Regarded as heretical

In 2010 the BBC offered some background on the Ahmadi movement, aka the Ahmadiyya community.

[I]t is regarded by orthodox Muslims as heretical because it does not believe that Mohammed was the final prophet sent to guide mankind, as orthodox Muslims believe is laid out in the Koran.

Well there’s your problem right there: thinking “heretical” is a meaningful and useful word. Let’s face it, nobody knows whether Mohammed was the “final prophet” or not, or whether he was a “prophet” at all, or how they would know he wasn’t one. It’s all just claims all the way down. That, I suppose, why there’s so much venom about the claims.

The Ahmadiyya community takes its name from its founder Mirza Ghulam Ahmad, who was born in 1835 and was regarded by his followers as the messiah and a prophet.

Ghulam Ahmad saw himself as a renewer of Islam and claimed to have been chosen by Allah.

It was ok for Mohammed to do that in the 8th 7th century but it’s not ok for Ahmad to do it in the 19th. Why’s that then?

In 1947, the community moved its religious headquarters from Qadian in India to Rabwah in Pakistan.

Then in 1953, orthodox Muslim groups in Pakistan came together to form what they called the “anti-Qadiani movement”.

Described by rights organisations as one of the most relentlessly persecuted communities in Pakistan, the Ahmadiyya have seen their personal and political rights erode steadily over the years under pressure from orthodox Muslim groups.

So six years into Pakistan’s existence as a country, they got started on persecuting the Ahmadiyya.

In 1974, under severe pressure from clerics, Pakistan’s first elected prime minister, Zulfikar Ali Bhutto, introduced a constitutional amendment – known as the second amendment – which declared Ahmadiyya non-Muslims.

A decade later, a new law was brought in barring Ahmadis from calling their places of worship mosques or from propagating their faith in “any way, directly or indirectly”.

Anticipating the impact of the new law, the community moved its headquarters to the UK.

According to Islam and the Ahmadiyya Jamaat, by Simon Valentine, the movement stresses non-violence and tolerance of other faiths.

Well we can’t have that. No wonder the “orthodox Muslims” hate them and persecute them.


  1. johnthedrunkard says

    Mohammed slams the door on any future rivals. And the Wahhabis want to obliterate the past. So the whole of humanity is trapped in the 7th century like a fly in amber.

    No reformers, no innovators, no discoverers, no historians, just puppets with glazed eyes repeating the same tripe over and over.

  2. Pierce R. Butler says

    … for Mohammed to do that in the 8th century …

    Mohammed/Muhammad (circa 570-632) didn’t do squat in the 8th century except crumble into the dust.


  3. lpetrich says

    Here’s how far hostility to Ahmadis goes in Pakistan.
    What they do about Pakistani physicist Abdus Salam.
    He shared the 1979 Nobel physics prize for helping to develop the theory of electroweak unification, a big part of the Standard Model of particle physics. Yet he is barely acknowledged in his home country. All because he was an Ahmadi, and thus Not A True Muslim.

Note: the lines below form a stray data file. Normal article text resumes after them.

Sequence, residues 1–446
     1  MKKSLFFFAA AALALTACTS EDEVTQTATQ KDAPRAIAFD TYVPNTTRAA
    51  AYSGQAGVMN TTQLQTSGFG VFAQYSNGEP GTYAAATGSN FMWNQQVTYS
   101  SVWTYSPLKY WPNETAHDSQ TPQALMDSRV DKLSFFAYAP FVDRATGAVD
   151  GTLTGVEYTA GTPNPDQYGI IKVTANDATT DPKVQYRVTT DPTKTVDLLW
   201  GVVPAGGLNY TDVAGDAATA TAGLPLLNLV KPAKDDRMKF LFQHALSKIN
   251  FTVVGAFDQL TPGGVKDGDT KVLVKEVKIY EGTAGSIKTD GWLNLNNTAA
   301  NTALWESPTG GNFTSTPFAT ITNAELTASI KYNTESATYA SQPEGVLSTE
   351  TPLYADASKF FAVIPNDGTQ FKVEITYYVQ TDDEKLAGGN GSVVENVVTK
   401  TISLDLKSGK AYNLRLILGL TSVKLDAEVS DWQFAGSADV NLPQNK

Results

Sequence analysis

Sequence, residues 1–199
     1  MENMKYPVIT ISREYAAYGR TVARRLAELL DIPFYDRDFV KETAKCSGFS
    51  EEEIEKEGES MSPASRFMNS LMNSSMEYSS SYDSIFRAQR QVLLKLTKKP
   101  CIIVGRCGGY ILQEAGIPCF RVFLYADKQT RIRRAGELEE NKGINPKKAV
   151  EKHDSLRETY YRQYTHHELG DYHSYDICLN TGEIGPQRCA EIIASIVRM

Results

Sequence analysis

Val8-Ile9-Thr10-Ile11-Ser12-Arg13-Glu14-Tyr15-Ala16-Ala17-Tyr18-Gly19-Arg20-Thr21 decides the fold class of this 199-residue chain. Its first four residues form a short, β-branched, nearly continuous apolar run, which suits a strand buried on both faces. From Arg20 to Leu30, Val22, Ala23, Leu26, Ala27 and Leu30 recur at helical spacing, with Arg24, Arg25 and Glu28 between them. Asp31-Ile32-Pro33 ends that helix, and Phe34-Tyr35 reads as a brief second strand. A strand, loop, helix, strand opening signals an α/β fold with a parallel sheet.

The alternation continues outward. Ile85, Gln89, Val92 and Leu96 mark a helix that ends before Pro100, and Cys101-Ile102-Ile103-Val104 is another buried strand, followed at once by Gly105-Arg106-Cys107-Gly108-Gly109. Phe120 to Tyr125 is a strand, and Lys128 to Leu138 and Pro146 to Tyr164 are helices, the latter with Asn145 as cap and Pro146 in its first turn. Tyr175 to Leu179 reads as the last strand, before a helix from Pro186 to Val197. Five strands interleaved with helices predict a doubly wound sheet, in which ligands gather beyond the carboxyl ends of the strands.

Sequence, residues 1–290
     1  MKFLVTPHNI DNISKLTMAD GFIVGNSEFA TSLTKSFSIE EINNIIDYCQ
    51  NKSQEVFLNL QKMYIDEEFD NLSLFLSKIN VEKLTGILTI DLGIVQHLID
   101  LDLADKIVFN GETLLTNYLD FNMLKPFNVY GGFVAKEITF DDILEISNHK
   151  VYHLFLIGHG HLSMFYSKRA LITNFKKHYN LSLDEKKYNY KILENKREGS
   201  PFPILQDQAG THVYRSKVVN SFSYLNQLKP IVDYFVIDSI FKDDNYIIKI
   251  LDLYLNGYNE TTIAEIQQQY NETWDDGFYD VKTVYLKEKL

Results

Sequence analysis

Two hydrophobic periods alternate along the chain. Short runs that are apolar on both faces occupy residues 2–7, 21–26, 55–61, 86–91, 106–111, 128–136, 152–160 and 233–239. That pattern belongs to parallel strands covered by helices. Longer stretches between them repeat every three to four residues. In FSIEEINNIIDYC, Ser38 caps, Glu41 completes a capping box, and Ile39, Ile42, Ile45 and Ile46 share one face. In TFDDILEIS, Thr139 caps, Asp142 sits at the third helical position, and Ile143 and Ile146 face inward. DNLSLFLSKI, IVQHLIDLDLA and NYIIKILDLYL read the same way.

At first sight, electromagnetic and weak interactions do not seem to have much in common, but by the 1950’s, particle physicists had discovered that the two interactions have rather similar structure. But it took a lot of theorizing to work out how they could be two parts of the same interactions, and Abdus Salam was one of those involved in this theorizing. The result was a theory of electroweak unification.

    It predicted the masses of the particles that make the weak interactions happen: the W (about 90 times more massive than a proton) and the Z (about 100 times). These high masses are what make the weak interactions weak. When these particles were discovered, their masses were right on the dot. It also predicted the Higgs particle, a particle with an odd property: it has a nonzero vacuum or lowest-energy value, and its always being present gives masses to most other Standard-Model particles: the W and the Z and the elementary fermions (electron, etc.). This particle is the LHC’s biggest discovery so far, and it matches Standard-Model predictions fairly well.

    So Abdus Salam ought to be a national hero in Pakistan, but he isn’t.

  4. daniyaz says

    @lpetrich: Speaking as someone of Pakistani descent, and who’s been living in Pakistan for the past few years (long story), it’s a right shame as to how he’s been treated by Pakistan. There have been some steps to rectify that, but so long as the Pakistan Govt sticks to its anti-Ahmadiyya legislation, that will take a while.

    There’s another thing as well: if you’re applying for a Pakistani passport or a National ID card, one of the last things that you *have* to sign on each form is an oath that basically says that yes, you do believe that the founder of the Ahmadiyya faith is a heretic. I don’t believe in gods, but nor do I believe in the idea that I have to basically trample on any group of people, in order to receive official documents. I have a number of friends whose parents *did* sign those oaths – and who are Ahmadi – as it was the only way to leave the country. And wouldn’t you, if this sort of guy – who is very popular in Pakistan – was allowed to stay on television?

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